In Bacolod City, Presidential Adviser for Western Visayas Rafael Coscolluela said sugar industry leaders would personally request President Gloria Macapagal Arroyo to intervene when they meet with her on October 19. He said industry leaders are apprehensive because the price of sugar, which is currently between PhP750 and PhP805 per 50-kilogram bag (Lkg), could drop again because of an excess supply of 450,000 metric tons. They want the NFA to absorb at least half a million tons of sugar, similar to what was done when the price of sugar dropped to as low as PhP670 per Lkg. early this year, Mr. Coscolluela said. The sugar industry is also asking for the resignation of James Ledesma of the Sugar Regulatory Administration. "In fact, a white paper was circulated and furnished the President. There are some groups in the industry who are unhappy with the current sugar price and felt that SRA is not adopting adequate measures to address the situation," Mr. Coscolluela said.

Under the set-up proposed by industry leaders, the Sugar Regulatory Administration would classify at least 10% of the 2.28 million metric ton production this year as "C" or reserve sugar and hold it in reserve. The NFA would consequently offer to buy this inventory, of which a PhP1-billion fund was suggested. "The millgate prices are expected to go down further as the volume of production increases when all the mills are already operating... the NFA program of buying "C" sugar helped stop the downward spiral of millgate prices and subsequently helped the sugar farmers," a portion of the Confed proposal said. Mr. Yap, however, said this proposal has yet to reach his office, even as he hinted he would first engage them into a closed-door discussion before making a decision.



'RP credit ratings not hinged on tax bills'

The threat of possible credit downgrade for the country should not be used to pressure Congress into enacting tax proposals from the Executive branch of government, a lawmaker said yesterday. In the next few weeks, representatives of credit ratings agencies are scheduled to visit the country reportedly to review the status of tax reforms that are seen to help the country ease its fiscal woes and, more specifically, rein in the budget deficit. Senate ways and means committee chairman Ralph G. Recto, however, said that the power rate increases to be granted by the Energy Regulatory Commission (ERC) to ease the debt of state-run National Power Corporation (Napocor) is an equally important factor for a positive credit rating. "They are equally if not more concerned about the ERC rate increases. The first increase of 98 centavos is only provisional which means that the rate increase is not yet assured. To recover the debt of Napocor what we need is [a] PhP2.30 increase. Those rate increases [are] already PhP80 billion or more. That is half the problem already with the PhP80 billion in new taxes. It is actually both that [ratings firms] are looking at," he said in an interview.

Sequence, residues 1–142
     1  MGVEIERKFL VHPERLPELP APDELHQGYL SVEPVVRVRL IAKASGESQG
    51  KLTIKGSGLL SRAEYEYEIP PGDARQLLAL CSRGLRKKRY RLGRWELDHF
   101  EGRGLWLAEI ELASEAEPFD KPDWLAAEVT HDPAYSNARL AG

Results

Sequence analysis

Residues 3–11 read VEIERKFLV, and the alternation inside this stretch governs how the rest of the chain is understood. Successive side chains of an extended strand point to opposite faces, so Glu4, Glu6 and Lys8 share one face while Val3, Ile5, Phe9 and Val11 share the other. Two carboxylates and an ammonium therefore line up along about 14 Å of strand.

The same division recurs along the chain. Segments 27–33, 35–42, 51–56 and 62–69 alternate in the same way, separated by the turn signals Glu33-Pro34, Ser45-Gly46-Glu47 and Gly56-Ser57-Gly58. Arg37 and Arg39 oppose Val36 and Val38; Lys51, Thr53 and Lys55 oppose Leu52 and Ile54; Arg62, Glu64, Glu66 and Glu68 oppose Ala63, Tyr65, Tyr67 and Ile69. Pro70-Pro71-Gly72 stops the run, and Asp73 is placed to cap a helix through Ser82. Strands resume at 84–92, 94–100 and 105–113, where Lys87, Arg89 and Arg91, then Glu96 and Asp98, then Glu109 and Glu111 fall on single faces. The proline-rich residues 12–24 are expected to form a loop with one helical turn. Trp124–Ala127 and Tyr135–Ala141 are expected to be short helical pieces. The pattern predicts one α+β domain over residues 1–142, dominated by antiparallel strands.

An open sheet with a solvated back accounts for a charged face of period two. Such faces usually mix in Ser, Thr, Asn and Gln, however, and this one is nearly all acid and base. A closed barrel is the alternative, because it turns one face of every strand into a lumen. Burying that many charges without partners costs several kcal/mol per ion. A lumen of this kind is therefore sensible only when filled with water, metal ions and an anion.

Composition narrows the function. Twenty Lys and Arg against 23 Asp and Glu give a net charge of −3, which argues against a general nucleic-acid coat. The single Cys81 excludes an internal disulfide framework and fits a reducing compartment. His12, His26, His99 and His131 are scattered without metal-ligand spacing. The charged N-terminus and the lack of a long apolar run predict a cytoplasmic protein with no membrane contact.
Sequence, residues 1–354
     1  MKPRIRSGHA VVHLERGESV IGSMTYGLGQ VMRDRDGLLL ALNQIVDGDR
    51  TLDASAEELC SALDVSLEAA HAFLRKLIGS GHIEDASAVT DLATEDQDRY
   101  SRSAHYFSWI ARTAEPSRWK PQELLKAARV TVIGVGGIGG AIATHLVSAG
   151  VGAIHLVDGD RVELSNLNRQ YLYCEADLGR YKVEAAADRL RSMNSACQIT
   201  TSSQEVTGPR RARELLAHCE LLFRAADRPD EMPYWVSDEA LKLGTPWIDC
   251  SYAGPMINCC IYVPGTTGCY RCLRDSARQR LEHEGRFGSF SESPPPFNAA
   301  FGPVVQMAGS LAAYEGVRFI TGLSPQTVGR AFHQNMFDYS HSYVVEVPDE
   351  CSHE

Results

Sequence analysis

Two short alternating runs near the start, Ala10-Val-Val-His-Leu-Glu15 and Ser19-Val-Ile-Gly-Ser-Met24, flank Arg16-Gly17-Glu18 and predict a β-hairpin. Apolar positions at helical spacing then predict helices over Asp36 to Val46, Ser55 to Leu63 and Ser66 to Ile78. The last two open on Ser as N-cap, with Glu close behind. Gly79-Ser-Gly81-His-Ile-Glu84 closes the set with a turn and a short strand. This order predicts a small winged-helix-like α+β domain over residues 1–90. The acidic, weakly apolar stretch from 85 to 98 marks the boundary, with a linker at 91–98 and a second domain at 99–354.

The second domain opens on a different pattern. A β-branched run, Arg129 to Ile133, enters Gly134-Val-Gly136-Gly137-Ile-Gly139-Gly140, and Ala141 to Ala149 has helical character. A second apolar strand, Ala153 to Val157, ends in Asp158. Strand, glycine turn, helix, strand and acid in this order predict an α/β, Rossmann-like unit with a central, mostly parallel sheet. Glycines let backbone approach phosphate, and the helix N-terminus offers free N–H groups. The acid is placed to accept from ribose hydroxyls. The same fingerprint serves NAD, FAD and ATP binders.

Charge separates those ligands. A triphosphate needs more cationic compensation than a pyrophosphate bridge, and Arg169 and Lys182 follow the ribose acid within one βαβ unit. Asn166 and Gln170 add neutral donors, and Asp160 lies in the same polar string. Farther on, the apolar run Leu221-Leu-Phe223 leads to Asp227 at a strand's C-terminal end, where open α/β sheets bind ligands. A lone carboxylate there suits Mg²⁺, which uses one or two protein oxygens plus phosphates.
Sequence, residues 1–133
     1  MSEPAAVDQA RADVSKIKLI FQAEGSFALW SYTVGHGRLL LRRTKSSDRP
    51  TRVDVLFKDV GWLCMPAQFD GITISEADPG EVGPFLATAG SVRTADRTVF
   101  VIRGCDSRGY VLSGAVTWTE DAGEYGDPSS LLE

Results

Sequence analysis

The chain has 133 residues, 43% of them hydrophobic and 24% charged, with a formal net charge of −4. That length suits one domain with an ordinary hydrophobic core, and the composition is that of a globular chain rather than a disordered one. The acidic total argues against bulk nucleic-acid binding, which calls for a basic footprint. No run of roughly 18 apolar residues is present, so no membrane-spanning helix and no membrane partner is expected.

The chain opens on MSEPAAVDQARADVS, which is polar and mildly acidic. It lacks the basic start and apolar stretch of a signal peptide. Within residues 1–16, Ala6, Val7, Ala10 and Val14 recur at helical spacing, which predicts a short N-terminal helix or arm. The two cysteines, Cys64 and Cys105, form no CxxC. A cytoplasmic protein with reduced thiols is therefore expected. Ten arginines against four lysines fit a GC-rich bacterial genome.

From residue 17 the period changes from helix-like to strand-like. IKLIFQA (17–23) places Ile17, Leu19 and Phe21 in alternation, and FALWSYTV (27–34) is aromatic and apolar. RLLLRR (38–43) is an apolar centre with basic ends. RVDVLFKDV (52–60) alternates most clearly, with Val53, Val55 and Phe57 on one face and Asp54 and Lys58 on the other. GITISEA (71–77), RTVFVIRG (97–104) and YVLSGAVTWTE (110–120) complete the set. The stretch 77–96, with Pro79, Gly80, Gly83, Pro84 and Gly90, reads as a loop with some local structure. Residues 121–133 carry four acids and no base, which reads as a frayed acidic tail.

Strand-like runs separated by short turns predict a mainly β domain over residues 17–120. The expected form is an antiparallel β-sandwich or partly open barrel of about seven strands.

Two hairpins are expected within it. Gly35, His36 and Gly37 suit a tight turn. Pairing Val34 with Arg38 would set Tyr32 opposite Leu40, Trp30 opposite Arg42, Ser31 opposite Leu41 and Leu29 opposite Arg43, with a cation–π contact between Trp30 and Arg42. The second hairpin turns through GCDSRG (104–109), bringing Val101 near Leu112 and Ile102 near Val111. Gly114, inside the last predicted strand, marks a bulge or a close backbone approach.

Fitch Ratings Services maintains a "BB" grade with a stable outlook for the country but it pointed out the need for key reform measures by next year. Moody's downgraded the country's credit rating in January to "Ba2" with a negative outlook from "Ba1" which means substantial credit risk. Mr. Recto added that sound investment policies to increase dollar earnings is another important factor for the credit rating agencies. "They are not saying that we should pass inflationary, regressive taxes. They are saying that we have to raise PhP80 billion in revenues but they are not saying from specific type of taxes which may lead to the economy slowing down. We are so much focused on the fiscal policy issue. We are forgetting trade and investment policies which are equally important in the eyes of creditors and investors," Mr. Recto said "We can be downgraded not because of fiscal policy alone. We can be downgraded if the peso depreciated, if we don't have the right investment priorities plan, if we don't have enough foreign exchange earnings," he added.